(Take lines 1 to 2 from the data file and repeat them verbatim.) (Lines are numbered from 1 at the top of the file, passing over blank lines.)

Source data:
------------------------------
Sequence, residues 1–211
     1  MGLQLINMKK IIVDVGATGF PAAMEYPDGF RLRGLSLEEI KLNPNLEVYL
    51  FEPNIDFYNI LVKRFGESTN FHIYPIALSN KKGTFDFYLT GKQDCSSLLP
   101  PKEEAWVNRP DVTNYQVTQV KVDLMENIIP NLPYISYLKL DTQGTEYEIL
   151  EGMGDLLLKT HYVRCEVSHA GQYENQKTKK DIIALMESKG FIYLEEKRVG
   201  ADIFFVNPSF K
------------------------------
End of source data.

Sequence, residues 1–211
     1  MGLQLINMKK IIVDVGATGF PAAMEYPDGF RLRGLSLEEI KLNPNLEVYL